The use of automated decision-making systems in administration is even rarer in Germany. There are individual projects, such as in the Federal Employment Agency, where the relevant data is automatically evaluated in order to calculate social welfare entitlements, or in Hamburg, for the coordination and billing of social services.
This is still a long way from practical applications such as in Estonia. There have been extensive eGovernment services there for a long time, such as automatic child benefit without just filling out a form, or software-controlled allocation of daycare places.
The overall picture of the use of algorithmic decision-making systems in Europe that is presented to the authors of the report brings them to concrete demands. So that negative consequences can be averted by automated decision-making systems, more transparency about the use is needed - especially in the public sector. That would be possible with a public register that lists the systems and binding rules for access to the data.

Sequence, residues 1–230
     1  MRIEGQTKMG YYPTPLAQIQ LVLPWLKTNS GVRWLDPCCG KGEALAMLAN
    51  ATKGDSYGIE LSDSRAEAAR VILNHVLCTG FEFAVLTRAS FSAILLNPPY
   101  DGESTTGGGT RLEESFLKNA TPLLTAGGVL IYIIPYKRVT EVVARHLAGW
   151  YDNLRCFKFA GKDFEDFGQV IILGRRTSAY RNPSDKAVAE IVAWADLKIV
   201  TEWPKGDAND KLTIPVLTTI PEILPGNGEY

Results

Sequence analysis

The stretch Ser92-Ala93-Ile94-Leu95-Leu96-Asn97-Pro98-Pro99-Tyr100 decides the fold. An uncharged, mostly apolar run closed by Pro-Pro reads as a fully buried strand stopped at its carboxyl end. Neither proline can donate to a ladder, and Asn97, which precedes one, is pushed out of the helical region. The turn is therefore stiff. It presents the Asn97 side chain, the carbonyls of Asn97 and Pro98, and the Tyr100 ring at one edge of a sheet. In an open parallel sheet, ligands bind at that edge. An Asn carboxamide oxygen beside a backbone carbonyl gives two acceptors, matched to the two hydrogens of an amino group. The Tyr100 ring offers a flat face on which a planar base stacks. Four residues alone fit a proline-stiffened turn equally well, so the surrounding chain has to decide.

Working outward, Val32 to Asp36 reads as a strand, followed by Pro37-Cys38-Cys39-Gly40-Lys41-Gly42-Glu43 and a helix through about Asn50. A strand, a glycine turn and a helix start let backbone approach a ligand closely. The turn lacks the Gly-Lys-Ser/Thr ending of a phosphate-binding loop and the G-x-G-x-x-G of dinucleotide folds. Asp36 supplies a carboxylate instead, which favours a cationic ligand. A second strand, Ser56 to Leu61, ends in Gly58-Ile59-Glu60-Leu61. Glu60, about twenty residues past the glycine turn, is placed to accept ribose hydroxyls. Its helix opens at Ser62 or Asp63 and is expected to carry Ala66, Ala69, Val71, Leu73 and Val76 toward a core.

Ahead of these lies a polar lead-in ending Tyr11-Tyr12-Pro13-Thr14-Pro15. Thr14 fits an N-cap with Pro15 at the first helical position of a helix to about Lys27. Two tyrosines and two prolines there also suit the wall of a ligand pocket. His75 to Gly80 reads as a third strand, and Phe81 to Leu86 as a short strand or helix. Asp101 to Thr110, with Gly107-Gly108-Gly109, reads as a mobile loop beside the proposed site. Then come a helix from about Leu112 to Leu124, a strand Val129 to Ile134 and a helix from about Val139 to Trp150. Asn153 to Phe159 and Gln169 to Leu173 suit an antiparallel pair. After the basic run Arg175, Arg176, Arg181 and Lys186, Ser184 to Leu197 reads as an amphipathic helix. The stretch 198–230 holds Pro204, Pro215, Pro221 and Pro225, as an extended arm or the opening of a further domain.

In addition, there are no binding rules that clarify responsibilities. Algorithms are ultimately created by humans and are “neither neutral nor objective”, according to the authors. The built-in assumptions and beliefs would hold the creators responsible for the decisions made by the “creepy” but “always human” algorithms.
It takes a social debate
For a future in which more and more far-reaching decisions are automated with less direct human influence, it must be ensured that civil society is given the opportunity to criticize. The state should not unilaterally decide on the use of such systems if they can have such far-reaching consequences for fundamental rights, such as video surveillance with facial recognition. According to the report, this should best be banned because the risk of mass surveillance is too great.
Not only experts should be able to deal with the systems. At the points where automation is to be used, the necessary competence must first be created so that the quality of the decisions can be assessed and the promised human control also takes place.
And finally, the public debate should not be wiped off the table with the framing of technology hostility. Political funding for research and business development in the field of automation should only be one side of the coin. Politicians should also encourage a broad public debate when the digital autonomy of the population is affected, so that they can participate in this change.